Abstract and Keywords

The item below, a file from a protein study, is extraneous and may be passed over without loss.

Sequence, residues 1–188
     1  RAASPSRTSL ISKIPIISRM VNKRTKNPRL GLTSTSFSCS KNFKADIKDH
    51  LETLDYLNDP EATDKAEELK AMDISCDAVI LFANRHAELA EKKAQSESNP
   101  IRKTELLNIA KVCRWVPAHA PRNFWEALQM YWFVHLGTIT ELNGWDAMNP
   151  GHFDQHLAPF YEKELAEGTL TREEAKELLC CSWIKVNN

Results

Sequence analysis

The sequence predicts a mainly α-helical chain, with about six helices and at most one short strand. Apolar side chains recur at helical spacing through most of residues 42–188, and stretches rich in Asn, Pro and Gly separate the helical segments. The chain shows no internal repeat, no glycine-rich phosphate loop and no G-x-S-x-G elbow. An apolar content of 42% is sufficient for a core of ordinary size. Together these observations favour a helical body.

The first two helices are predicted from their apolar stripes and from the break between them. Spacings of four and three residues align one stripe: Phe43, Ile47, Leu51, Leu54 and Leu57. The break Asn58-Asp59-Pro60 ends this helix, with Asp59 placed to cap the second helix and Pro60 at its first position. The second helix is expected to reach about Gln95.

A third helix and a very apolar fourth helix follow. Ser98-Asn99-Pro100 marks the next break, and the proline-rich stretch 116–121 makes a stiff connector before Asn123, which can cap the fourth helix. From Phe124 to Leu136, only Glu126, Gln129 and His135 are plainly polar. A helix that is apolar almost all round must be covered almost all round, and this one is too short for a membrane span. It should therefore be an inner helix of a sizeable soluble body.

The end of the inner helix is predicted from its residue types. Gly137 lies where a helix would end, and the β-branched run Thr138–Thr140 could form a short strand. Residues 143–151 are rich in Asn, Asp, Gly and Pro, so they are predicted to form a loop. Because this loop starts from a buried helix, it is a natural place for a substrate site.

This article provides detailed information on the extensive overlapping before World War II of Tin Pan Alley with Broadway vaudeville, and post-1927 Hollywood. A quick survey of any large list of songs performed in musical plays and revues on the New York stage at the turn of the century reveals an amazing concentration of numbers that project clusters of racial and ethnic stereotypes. “Coon songs”, in particular, owe the majority of their musical and lyrical styles and their customary performance practices to minstrelsy, but over and above their ways of imagining the appearance and habits of African Americans, they also decisively shape the ways that other minorities appear in the popular music of the time. The lavish array of social (stereo) types was perhaps especially important because of the milieu in which they were generated. The ethnic songs that focused on more recent immigrant ethnic groups referred back to minstrelsy for their primary strategies of masquerade. The mature American musical emerged from the interweaving of, and competition between, two separate strands of theatrical music-making that include adapted European operetta traditions and a number of traditions that shared the practice of staging popular song, deriving in part from the English music hall and similar traditions. The vast majority of Tin Pan Alley songs use a verse-chorus structure, in which the “verse” either narrates a story or establishes a dramatic situation, and the “chorus” either acts as a punctuating refrain or represents the song promised by the dramatic setup.
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